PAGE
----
And there's something highly toxic to be added to this already lethal mix: don't forget the narco-dollar angle -- the fact that the global heroin cartels that feast on Afghanistan only work with U.S. dollars, not euros. For the SCO, the top security threat in Afghanistan isn't the Taliban, but the drug business. Russia's anti-drug czar Viktor Ivanov routinely blasts the disaster that passes for a U.S./NATO anti-drug war there, stressing that Afghan heroin now kills 30,000 Russians annually, twice as many as were killed during the decade-long U.S.-supported anti-Soviet Afghan jihad of the 1980s.
And then, of course, there are those competing pipelines that, if ever built, either would or wouldn't exclude Iran and Russia from the action to their south. In April 2008, Turkmenistan, Afghanistan, Pakistan, and India actually signed an agreement to build a long-dreamt-about $7.6 billion (and counting) pipeline, whose acronym TAPI combines the first letters of their names and would also someday deliver natural gas from Turkmenistan to Pakistan and India without the involvement of either Iran or Russia. It would cut right through the heart of Western Afghanistan, in Herat, and head south across lightly populated Nimruz and Helmand provinces, where the Taliban, various Pashtun guerrillas and assorted highway robbers now merrily run rings around U.S. and NATO forces and where -- surprise! -- the U.S. is now building in Dasht-e-Margo ("the Desert of Death") a new mega-base to host President Obama's surge troops.
TAPI's rival is the already mentioned IPI, also theoretically underway and widely derided by Heritage Foundation types in the U.S., who regularly launch blasts of angry prose at the nefarious idea of India and Pakistan importing gas from "evil" Iran. Theoretically, TAPI's construction will start in 2010 and the gas would begin flowing by 2015. (Don't hold your breath.) Embattled Afghan President Hamid Karzai, who can hardly secure a few square blocks of central Kabul, even with the help of international forces, nonetheless offered assurances last year that he would not only rid his country of millions of land mines along TAPI's route, but somehow get rid of the Taliban in the bargain.
Should there be investors (nursed by Afghan opium dreams) delirious enough to sink their money into such a pipeline -- and that's a monumental if -- Afghanistan would collect only $160 million a year in transit fees, a mere bagatelle even if it does represent a big chunk of the embattled Karzai's current annual revenue. Count on one thing though, if it ever happened, the Taliban and assorted warlords/highway robbers would be sure to get a cut of the action.
In fact, it's as if the New Great Gamesters had just discovered another Everest. This year, Obama's national security strategists lost no time unleashing a no-holds-barred diplomatic campaign to court Turkmenistan. The goal? To accelerate possible ways for all that new Turkmeni gas to flow through the right pipes, and create quite a different energy map and future. Apart from TAPI, another key objective is to make the prospective $5.8 billion Turkey-to-Austria Nabucco pipeline become viable and thus, of course, trump the Russians. In that way, a key long-term U.S. strategic objective would be fulfilled: Austria, Italy, and Greece, as well as the Balkan and various Central European countries, would be at least partially pulled from Gazprom's orbit. (Await my next "postcard" from Pipelineistan for more on this.)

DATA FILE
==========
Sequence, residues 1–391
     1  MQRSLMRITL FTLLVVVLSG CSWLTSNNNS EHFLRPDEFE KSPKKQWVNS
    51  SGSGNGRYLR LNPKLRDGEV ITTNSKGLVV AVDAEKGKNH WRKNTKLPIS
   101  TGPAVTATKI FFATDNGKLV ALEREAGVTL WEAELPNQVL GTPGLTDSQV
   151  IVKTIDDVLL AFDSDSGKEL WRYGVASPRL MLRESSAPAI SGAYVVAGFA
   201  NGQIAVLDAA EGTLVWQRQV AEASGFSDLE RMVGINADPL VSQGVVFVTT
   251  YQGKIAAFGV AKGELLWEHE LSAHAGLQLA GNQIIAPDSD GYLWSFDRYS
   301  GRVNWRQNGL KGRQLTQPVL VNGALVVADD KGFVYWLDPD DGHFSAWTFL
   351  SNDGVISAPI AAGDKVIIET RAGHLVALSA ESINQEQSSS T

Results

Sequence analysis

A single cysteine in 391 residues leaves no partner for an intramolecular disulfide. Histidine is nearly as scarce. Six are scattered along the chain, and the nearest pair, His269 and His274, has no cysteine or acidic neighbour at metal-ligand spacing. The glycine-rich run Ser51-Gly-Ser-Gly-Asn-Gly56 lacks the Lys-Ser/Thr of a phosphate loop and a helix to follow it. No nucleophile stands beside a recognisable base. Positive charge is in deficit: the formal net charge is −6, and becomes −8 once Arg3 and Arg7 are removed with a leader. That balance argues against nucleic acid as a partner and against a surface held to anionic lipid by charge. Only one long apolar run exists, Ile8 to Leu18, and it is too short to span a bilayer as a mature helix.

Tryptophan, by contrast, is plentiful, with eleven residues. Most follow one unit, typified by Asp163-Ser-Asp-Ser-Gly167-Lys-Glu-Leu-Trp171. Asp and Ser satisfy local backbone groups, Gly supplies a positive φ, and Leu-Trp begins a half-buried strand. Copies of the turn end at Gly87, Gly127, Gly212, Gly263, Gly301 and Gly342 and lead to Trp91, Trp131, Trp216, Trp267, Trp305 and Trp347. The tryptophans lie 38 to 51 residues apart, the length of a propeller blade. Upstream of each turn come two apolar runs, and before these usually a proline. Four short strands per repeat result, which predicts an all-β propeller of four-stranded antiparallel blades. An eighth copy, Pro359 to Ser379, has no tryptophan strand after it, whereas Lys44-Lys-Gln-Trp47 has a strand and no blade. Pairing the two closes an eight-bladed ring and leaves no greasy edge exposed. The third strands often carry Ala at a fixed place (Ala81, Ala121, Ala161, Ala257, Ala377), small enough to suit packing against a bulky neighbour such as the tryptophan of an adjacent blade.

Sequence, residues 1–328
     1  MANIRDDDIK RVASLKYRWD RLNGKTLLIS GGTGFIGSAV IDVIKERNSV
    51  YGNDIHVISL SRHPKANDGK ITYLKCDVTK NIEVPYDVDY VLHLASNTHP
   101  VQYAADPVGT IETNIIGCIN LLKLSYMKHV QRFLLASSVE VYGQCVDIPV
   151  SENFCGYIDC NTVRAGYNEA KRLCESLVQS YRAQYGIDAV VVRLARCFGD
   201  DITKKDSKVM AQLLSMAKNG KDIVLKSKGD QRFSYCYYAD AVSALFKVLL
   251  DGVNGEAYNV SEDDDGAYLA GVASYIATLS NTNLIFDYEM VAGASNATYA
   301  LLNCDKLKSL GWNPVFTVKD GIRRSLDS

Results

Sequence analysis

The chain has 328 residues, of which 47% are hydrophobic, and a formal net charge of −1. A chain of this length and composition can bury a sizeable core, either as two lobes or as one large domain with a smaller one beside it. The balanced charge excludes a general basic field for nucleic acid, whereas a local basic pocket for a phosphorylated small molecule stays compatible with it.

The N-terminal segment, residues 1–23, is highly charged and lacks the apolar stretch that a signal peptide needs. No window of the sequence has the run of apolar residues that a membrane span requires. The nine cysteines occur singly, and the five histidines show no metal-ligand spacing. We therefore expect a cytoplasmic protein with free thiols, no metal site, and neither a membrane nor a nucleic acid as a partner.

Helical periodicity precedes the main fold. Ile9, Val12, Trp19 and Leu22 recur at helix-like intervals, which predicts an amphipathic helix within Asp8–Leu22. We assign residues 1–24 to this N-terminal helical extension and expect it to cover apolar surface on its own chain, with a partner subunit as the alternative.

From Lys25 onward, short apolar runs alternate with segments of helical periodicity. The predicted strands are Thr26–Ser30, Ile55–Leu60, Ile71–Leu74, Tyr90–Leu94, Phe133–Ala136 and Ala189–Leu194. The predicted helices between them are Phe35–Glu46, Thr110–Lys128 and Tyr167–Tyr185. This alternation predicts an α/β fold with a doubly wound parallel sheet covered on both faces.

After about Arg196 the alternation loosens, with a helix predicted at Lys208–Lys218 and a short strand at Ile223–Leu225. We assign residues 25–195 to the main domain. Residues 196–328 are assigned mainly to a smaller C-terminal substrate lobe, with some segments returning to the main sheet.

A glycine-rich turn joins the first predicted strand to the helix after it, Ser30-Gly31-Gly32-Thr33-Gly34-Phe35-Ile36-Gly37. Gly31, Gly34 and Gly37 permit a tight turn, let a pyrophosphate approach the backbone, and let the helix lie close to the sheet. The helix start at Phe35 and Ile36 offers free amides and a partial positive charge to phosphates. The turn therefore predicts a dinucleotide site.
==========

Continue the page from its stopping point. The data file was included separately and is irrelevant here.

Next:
If, one of these days, the Turkmenistani leader opts for TAPI as well, it will open Washington to an ultimate historical irony. After so much death and destruction, Washington would undoubtedly have to sit down once again with -- yes -- the Taliban! And we'd be back to July 2001 and those pesky pipeline transit fees.
As it stands at the moment, however, Russia still dominates Pipelineistan, ensuring Central Asian gas flows across Russia's network and not through the Trans-Caspian networks privileged by the U.S. and the European Union. This virtually guarantees Russia's crucial geopolitical status as the top gas supplier to Europe and a crucial supplier to Asia as well.
Meanwhile, in "transit corridor" Pakistan, where Predator drones soaring over Pashtun tribal villages monopolize the headlines, the shady New Great Game slouches in under-the-radar mode toward the immense, under-populated southern Pakistani province of Balochistan. The future of the epic IPI vs. TAPI battle may hinge on a single, magic word: Gwadar.
Essentially a fishing village, Gwadar is an Arabian Sea port in that province. The port was built by China. In Washington's dream scenario, Gwadar becomes the new Dubai of South Asia. This implies the success of TAPI. For its part, China badly needs Gwadar as a node for yet another long pipeline to be built to western China. And where would the gas flowing in that line come from? Iran, of course.
Whoever "wins," if Gwadar really becomes part of the Liquid War, Pakistan will finally become a key transit corridor for either Iranian gas from the monster South Pars field heading for China, or a great deal of the Caspian gas from Turkmenistan heading Europe-wards. To make the scenario even more locally mouth-watering, Pakistan would then be a pivotal place for both NATO and the SCO (in which it is already an official "observer").
Now that's as classic as the New Great Game in Eurasia can get. There's NATO vs. the SCO. With either IPI or TAPI, Turkmenistan wins. With either IPI or TAPI, Russia loses. With either IPI or TAPI, Pakistan wins. With TAPI, Iran loses. With IPI, Afghanistan loses. In the end, however, as in any game of high stakes Pipelineistan poker, it all comes down to the top two global players. Ladies and gentlemen, place your bets: will the winner be Washington or Beijing?